I’ve been privileged to write the Westender’s weekly Alchemist column over the last year. I’ll miss it, and hope you do, too, but more than that, I’ll miss everything the Westender brought to the table.” —Joanne Sasvari

 

 

“For as long as I have lived in Vancouver, Westender has been my weekly snapshot of what is going on in the city. When I founded a small business offering public wine tasting events, I became part of that landscape. I was always grateful to the coverage Westender provided and have particularly fond memories of doing a photo shoot for the cover of the Christmas issue in 2012. A couple of years later, Westender found a place for me as its wine columnist.

Besides being a pleasure, writing for Westender has played a crucial role in keeping me rooted here and connected to my local industry as I travel. A huge and heartfelt thank you to Robert Mangelsdorf and Kelsey Klassen, who were the editors during my tenure, as well as to the rest of the dedicated staff.” —Michaela Morris

 


FROM FORMER STAFF

“My very first regular, professional writing gig was as a theatre, film, and occasionally book reviewer for the Westender in my mid-20s. This was a time in my life when I was living on dust bunnies and hand-outs (when, years later, I did my back taxes for the year before my first byline in the paper, Revenue Canada had no record of me having made literally anything), but I was still dumb enough to believe that a cultured life of the mind was my birthright whether or not I had money.

The small sums that I received for my reviews admittedly didn’t do much to change my overall financial picture, but cashing those little cheques was better than paying out of pocket for an education in the arts, which is what I was getting. For several years, I got to watch, think through, and pick apart movies and plays, brilliant and terrible, sort out in my own words what made them fail or succeed, not only on someone else’s dime, but for a few quarters of my own that I could rub together.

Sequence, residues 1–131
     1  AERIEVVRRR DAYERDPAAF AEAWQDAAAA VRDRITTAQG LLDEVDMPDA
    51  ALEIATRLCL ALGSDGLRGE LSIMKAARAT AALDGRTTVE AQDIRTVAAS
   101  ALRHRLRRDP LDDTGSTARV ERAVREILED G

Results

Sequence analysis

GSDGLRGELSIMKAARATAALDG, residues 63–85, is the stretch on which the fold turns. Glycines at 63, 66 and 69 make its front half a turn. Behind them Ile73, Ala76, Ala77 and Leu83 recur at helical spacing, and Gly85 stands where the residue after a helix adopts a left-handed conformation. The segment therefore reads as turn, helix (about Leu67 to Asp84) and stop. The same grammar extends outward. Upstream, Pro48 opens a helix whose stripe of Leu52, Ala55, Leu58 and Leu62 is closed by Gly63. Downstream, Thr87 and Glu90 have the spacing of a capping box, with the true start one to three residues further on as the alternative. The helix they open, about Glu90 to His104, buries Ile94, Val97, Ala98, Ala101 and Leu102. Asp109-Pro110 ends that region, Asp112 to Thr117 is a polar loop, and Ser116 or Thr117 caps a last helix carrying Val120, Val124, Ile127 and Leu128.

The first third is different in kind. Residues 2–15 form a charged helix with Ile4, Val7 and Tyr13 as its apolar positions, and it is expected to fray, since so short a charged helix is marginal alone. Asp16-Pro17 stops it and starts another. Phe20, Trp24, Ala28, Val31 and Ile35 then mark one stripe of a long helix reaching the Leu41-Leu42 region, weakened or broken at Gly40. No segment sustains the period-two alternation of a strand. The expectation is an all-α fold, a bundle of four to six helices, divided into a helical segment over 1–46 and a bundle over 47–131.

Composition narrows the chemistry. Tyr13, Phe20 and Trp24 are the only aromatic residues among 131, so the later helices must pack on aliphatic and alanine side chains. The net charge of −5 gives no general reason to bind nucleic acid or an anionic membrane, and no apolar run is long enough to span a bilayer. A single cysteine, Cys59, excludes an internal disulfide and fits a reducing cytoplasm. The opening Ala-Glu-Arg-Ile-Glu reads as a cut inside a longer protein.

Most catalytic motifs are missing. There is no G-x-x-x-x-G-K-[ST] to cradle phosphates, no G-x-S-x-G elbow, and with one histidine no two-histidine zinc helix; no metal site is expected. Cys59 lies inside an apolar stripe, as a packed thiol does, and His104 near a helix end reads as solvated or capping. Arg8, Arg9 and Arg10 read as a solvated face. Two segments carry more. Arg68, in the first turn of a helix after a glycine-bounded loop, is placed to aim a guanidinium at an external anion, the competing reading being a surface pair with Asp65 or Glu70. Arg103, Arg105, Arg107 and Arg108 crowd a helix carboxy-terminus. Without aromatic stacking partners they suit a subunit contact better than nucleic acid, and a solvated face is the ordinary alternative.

As it happens, as I remember it, I started writing for the Westender in the same year that I met the love of my life; the woman with whom I recently celebrated my 10th wedding anniversary; the woman who is downstairs right now trying to get some sleep across the hallway from our almost-four-year-old daughter while I write this in my home office; the woman who watched me aghast on an early date when I shoplifted bulk section cookies because hey, who had money for cookies? And if there was no money for cookies, certainly there was no money to show a good time to a very smart, attractive prospective partner. Only I had a ticket to nearly every new show in town, with a plus one; we would go to the theatre, sometimes to a film (although usually, the movie screenings for critics were in the morning; keep that in mind next time you’re reading somebody’s pissy deconstruction), our courtship expensed for by way of my exceedingly part-time employment, and then after our dates I would go home and try to write down thoughts compelling and interesting enough to prove that it was worth overlooking that time I stole cookies.